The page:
I’m lucky enough to have time at lunch during the work week. Those rides are great, but with set ride times, and a limited number of 20-mile loops to get back to work in time, they’re not always fun. But coasting down Sweet Hollow—ignoring the clock, my average speed, and Wahoo email notifications—that was. And the bagel stop in Milford a few miles later didn’t hurt either. — John Hamilton, Associate Photo Editor
For my Bike to Play week, I spent my Sunday sending it at a women’s Intro to Drops and Jumping mountain bike skills clinic hosted by Cognition Coaching. I had an
Biden also enjoys a leisurely bike ride and was seen taking one last week with first lady Jill Biden to celebrate her 70th birthday. The president is also a fan of indoor cycling — his exercise regimen during quarantine included working out on a Peloton.
Johnson’s new bicycle is painted blue with red and white details and bears the signatures of both leaders as well as US and UK flags. Bilenky Cycle Works, a family business in Philadelphia, built the bike and the matching helmet in less than two weeks, The Philadelphia Inquirer reported on Friday.
The owner, Stephen Bilenky, told the newspaper he’d gotten an email from the State Department about the bike order on May 23. “It was a crazy 10 days,” he said.
As part of the customary exchange of gifts between world leaders, Johnson gave Biden a framed photo of a mural of the abolitionist Frederick Douglass, Reuters reported.
Biden met with Johnson during his first overseas trip as president and ahead of the G7 summit from Friday to Sunday. The world leaders have gathered to discuss several topics, notably defeating the coronavirus pandemic.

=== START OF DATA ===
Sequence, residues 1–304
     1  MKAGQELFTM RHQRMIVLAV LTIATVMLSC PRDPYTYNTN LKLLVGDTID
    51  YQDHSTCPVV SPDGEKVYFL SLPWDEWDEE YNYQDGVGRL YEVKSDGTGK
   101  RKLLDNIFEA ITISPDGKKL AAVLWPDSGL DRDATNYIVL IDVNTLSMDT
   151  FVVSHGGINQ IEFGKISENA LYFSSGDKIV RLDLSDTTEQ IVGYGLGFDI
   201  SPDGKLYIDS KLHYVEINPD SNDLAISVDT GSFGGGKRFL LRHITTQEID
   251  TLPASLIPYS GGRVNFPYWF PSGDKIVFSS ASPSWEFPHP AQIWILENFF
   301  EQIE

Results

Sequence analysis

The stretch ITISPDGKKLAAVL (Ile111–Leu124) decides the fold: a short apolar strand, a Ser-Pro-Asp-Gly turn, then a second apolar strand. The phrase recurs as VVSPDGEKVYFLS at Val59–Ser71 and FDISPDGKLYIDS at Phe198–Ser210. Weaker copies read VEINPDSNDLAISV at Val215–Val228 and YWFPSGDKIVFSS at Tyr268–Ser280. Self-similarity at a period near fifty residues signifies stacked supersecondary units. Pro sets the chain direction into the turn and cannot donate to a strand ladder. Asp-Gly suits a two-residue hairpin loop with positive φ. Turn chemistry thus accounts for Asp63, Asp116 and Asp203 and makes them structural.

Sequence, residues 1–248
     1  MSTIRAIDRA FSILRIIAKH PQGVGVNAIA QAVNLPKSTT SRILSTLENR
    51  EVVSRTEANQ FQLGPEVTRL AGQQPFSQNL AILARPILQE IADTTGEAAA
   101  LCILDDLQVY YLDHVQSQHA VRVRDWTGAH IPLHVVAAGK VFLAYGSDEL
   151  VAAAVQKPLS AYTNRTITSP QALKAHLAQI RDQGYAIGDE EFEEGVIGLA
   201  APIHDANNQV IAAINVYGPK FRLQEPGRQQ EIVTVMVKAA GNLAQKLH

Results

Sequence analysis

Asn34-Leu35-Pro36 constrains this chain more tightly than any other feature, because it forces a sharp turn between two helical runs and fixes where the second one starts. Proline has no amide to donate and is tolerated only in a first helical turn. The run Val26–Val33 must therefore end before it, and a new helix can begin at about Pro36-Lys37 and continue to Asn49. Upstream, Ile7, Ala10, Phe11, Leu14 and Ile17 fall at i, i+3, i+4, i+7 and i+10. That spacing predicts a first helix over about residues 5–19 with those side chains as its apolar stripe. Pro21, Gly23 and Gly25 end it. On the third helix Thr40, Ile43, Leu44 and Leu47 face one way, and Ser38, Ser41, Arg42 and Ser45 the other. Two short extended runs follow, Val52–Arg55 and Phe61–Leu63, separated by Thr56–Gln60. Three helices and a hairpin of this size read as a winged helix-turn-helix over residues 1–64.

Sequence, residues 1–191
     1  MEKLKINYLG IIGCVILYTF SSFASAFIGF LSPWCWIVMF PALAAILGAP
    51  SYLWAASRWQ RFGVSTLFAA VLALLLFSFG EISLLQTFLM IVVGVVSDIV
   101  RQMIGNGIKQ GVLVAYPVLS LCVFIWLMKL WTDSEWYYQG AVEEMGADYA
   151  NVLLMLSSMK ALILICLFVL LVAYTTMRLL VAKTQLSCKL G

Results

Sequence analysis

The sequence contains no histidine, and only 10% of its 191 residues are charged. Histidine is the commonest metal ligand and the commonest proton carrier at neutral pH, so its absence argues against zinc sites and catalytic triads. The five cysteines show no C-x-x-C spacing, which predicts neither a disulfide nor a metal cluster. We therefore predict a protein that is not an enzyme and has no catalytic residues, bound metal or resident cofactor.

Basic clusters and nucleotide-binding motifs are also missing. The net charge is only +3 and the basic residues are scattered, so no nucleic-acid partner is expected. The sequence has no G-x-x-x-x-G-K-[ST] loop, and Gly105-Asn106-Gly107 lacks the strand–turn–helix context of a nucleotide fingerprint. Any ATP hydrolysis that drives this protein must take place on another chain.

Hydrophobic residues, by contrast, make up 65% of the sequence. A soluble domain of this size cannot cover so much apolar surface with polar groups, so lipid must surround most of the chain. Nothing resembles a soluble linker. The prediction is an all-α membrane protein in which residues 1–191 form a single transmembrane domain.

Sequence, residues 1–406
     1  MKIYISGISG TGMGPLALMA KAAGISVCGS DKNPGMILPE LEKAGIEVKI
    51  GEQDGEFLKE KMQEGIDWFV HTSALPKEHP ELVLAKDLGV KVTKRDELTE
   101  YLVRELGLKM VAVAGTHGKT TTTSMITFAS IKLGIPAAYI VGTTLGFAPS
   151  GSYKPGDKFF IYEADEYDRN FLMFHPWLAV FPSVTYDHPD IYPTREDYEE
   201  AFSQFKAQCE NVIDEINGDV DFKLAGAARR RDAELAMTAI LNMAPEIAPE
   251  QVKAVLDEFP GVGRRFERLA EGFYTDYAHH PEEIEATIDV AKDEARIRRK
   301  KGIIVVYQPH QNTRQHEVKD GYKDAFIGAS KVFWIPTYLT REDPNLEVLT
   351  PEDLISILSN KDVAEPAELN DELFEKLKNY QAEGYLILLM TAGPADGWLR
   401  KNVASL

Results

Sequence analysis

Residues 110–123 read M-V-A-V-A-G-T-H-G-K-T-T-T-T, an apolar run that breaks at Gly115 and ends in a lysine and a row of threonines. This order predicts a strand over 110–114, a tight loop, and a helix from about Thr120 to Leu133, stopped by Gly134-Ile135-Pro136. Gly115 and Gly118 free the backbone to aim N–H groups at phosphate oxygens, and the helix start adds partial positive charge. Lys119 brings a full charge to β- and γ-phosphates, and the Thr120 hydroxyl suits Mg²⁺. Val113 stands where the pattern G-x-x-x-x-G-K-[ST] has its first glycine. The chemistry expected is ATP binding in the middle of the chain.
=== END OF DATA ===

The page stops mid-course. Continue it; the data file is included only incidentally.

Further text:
Sharing the road is key for drivers and bicyclists. Bike safety is an important concern to riders and drivers. Over 100 people are killed and thousands are injured in bicycle collisions with cars each year in California. Many victims are children. Some accidents are due to motorists’ lack of attention; others to bicyclists’ actions.
Pass a bicyclist as you would a slow-moving vehicle. Pass with caution, and only when safe.
Look carefully for bicyclists before opening doors next to moving traffic.
Do not drive in the bike lane except when entering or leaving a roadway or when preparing for a turn within a distance of 200 feet from an intersection.
Do not overtake a bicyclist just before making a turn. Merge first behind the bicyclist, then turn.
Bicyclists Can Help “Share the Road”
Wear reflective clothing to be seen by drivers when riding at night.
Ride in the same direction as the traffic. You will be coming in an unexpected direction and may not be seen by drivers if you ride on the wrong side of the road.
Keep your eyes on the road ahead. Avoid running over potholes, gravel, broken glass, drainage grates, puddles you can’t see through, or other unsafe road conditions.
Always look over your shoulder to make sure the lane is clear before turning or changing lanes and always signal before changing lanes.
Obey STOP signs and signals. It’s a good idea to stop for yellow lights—rushing through a yellow light may not leave you enough time to make it across the intersection before the light changes.
Wear a helmet to reduce the risk of head injury. It’s the law for children under the age of 18 when riding a bicycle, scooter, skateboard or skates.